Union advantage? Most workers in Niagara don’t see it that way

Why don’t people always act in their own collective self-interest? This classic puzzle in sociological analysis led us to question why so many workers – even the most precarious among them – were so disinterested in unions as a means to achieve higher pay and better working conditions.  If [...]

By |2023-01-25T12:05:52-05:00Jan 25, 2023|

Way Back on Land Back: Company colonies in Early North American Capitalism

The US 1619 project is aimed at making visible the erasure of Black history and contributions of Africans to early America. Seldom noted, it was the Virginia Company that directed the labour of Africans first arriving on the White Lion that year – Virginia was not merely a generic [...]

By |2023-01-18T22:01:12-05:00Jan 18, 2023|

Corporations that fund food banks do so out of self-interest

Food banks delude the public into thinking food insecurity and hunger are being managed.  Food banks allow governing authorities off the hook. Instead of passing laws and regulations and developing policies to reduce poverty and low wages, governments contribute funding to food banks.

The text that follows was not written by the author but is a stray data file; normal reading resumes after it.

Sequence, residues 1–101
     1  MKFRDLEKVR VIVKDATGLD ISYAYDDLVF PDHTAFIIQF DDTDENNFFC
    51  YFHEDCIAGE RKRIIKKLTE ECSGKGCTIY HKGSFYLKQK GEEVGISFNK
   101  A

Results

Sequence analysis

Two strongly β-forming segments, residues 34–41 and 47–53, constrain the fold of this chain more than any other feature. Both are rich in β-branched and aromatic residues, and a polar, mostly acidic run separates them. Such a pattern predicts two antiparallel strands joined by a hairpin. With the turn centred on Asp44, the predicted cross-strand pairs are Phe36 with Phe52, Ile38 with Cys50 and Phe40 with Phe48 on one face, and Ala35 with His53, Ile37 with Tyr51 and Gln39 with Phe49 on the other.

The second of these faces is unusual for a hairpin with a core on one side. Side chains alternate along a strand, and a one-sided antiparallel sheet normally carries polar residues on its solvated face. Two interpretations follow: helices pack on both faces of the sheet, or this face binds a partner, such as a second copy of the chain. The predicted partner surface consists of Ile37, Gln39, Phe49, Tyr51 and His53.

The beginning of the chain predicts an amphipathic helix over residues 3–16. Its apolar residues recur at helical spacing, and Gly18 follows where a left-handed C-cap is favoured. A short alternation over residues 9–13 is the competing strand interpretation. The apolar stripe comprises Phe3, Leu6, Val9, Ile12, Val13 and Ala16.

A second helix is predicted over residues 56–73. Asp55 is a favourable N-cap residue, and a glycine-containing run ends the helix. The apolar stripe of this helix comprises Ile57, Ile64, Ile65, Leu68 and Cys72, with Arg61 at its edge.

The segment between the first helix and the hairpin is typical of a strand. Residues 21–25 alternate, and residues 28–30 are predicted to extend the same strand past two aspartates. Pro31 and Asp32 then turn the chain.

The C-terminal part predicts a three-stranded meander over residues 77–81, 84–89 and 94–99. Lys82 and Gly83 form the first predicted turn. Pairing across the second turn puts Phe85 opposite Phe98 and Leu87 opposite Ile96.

By |2022-09-07T12:02:17-04:00Sep 7, 2022|

A global platform left the country and local gig workers were left stranded

Gig platforms have tried hard to create the image of gig workers as side-hustlers, part-timers, or those who use the work as a hobby to make extra money and who are thus free to hop from one platform to another whenever they want. If gig workers are deemed to be so autonomous and independent, what happens to them when a global platform leaves?

By |2021-12-15T13:06:36-05:00Dec 15, 2021|

For the People? Right-Wing Populism and Employment Standards in Ontario, Canada

Doug Ford’s right-wing populism emerged in relation to the material conditions of precariousness that had escalated in the years following the 2008 financial crisis. It tapped into the insecurities of working-class and middle-class voters generated through years of growing inequality, stagnant wages, declining unionization, and the deterioration of public services and institutions. Invoking an old neoliberal trope, its solution to the crisis included measures that would make Ontario “open for business,” including employment standards reforms that undermined basic employment protections for workers in the province. While proclaiming intentions to protect “the people” from “the elite,” Ford’s populism served to sustain and enhance capitalist interests by legitimating legislation that undermines the security of an already precarious workforce.

By |2021-01-20T15:21:07-05:00Jan 20, 2021|
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